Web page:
Category Archives: Research

Academic researchers and their ideas.

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British Regulator Investigates Controversial Facebook Study

A government regulator in Britain will investigate whether Facebook violated data-protection laws by conducting a study that manipulated the emotions of unknowing users, the Financial Times reports.

The information commissioner’s office, which has the authority to force a company to change its policies or levy fines of up to £500,000, did not elaborate on which part of the law Facebook may have broken.

The study, which was conducted in 2012 by Facebook but designed by researchers at Cornell Univ…

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Former Iowa State U. Scientist Pleads Not Guilty in Research-Fraud Case

A former scientist at Iowa State University pleaded not guilty on Tuesday to charges that he falsified research for an AIDS vaccine to secure millions of dollars in federal funding, the Associated Press reported.

The scientist, Dong-Pyou Han, resigned from his post as an assistant professor of biomedical sciences at Iowa State last fall after admitting responsibility for fraudulent findings in the case.

Mr. Han faces four felony counts of making false statements, each of which carries a maximum …

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Marijuana Researcher Says She Lost Job at U. of Arizona Over Her Advocacy

Suzanne A. Sisley, a clinical assistant professor of psychiatry at the University of Arizona’s College of Medicine who is known for her research on marijuana, has accused the institution of not renewing her contract after her advocacy created unwanted attention for the institution, the Los Angeles Times has reported.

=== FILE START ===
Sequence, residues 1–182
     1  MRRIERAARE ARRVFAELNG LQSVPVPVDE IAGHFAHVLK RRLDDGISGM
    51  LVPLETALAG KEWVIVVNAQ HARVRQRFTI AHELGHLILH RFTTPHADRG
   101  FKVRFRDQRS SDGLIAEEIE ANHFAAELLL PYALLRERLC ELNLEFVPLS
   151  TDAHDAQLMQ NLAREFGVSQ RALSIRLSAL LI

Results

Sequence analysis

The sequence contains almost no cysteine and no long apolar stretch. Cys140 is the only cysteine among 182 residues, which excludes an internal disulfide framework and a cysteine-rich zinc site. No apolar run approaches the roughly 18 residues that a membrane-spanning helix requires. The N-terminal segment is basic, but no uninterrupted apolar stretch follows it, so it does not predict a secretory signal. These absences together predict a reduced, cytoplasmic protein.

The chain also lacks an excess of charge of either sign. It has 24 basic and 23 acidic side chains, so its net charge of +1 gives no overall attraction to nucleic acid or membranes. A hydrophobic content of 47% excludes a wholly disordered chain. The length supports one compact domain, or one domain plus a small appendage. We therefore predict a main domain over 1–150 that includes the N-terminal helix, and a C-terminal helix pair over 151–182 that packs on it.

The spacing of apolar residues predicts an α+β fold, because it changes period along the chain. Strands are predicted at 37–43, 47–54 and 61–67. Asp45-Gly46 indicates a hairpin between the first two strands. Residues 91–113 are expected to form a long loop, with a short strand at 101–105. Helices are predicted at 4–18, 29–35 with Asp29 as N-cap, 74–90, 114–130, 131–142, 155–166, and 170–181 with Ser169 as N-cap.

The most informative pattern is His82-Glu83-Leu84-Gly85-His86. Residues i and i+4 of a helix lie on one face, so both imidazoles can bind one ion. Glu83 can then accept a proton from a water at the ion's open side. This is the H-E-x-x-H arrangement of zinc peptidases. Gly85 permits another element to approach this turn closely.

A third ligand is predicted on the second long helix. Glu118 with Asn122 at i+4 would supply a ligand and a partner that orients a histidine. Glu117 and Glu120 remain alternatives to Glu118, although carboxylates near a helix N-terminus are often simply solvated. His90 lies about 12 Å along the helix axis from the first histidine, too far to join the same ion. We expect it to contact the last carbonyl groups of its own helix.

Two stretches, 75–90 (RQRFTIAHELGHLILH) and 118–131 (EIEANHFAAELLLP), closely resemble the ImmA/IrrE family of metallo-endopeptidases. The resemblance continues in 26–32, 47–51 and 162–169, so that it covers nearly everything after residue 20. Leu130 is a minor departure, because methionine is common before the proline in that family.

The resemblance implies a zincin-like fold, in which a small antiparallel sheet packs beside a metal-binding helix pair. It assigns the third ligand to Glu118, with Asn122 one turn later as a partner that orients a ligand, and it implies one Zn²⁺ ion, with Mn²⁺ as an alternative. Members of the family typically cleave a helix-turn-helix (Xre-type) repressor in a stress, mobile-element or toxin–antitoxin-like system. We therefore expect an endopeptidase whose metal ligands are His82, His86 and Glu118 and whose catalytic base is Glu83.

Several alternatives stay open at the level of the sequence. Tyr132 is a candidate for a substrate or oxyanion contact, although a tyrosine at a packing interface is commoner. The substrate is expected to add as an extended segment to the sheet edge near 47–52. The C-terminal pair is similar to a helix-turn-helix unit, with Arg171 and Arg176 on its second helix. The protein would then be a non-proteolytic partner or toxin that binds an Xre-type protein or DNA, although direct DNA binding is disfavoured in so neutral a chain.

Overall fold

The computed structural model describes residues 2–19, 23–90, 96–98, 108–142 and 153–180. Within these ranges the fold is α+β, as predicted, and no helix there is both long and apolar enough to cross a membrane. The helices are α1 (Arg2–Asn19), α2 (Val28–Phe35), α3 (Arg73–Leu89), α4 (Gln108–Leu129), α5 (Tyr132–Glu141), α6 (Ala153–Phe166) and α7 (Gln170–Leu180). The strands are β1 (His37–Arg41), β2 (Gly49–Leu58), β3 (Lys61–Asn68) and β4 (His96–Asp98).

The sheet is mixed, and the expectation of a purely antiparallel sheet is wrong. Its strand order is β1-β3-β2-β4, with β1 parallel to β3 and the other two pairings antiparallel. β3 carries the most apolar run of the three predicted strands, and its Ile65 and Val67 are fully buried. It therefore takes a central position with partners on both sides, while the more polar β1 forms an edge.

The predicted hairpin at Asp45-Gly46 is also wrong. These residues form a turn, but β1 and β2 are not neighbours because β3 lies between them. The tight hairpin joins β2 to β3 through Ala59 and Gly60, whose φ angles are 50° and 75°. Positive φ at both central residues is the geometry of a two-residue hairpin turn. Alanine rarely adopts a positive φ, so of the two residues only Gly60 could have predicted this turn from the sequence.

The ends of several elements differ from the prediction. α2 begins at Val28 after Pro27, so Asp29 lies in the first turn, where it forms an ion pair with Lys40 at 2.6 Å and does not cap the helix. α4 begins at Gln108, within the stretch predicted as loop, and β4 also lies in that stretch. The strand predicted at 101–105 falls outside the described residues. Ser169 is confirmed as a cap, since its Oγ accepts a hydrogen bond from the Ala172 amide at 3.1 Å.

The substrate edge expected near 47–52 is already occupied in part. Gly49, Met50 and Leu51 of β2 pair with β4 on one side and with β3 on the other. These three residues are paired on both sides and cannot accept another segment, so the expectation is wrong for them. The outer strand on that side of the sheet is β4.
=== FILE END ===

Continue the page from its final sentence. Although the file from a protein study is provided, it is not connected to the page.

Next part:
In March, Dr. Sisley received a green light from the federal government to study whether marijuana could benefit veterans who suffer from post-traumatic stress. The study had previo…

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Embattled Former Literacy Specialist Sues U. of North Carolina

Mary C. Willingham, a former learning specialist at the University of North Carolina at Chapel Hill whose research called into question the literacy of athletes there, has sued the university, WRAL-TV reports.

Ms. Willingham, who resigned at the end of the spring semester, told the station that she had asked the UNC system’s Board of Governors to reinstate her. The university said in April that an external review had found that her claims about athletes’ literacy were unsupported. She did not o…

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Top Biology Labs Run by Men Hire Fewer Female Scientists

Report: “Elite Male Faculty in the Life Sciences Employ Fewer Women”

Authors: Jason M. Sheltzer, a graduate student in biology at the Massachusetts Institute of Technology, and Joan C. Smith, a software engineer at Twitter

Publication: Proceedings of the National Academy of Sciences

Summary: Biology attracts many female graduate students and postdocs, but female faculty members in the field aren’t nearly as prevalent. The authors thought one reason might be that top scientists—who run the labs…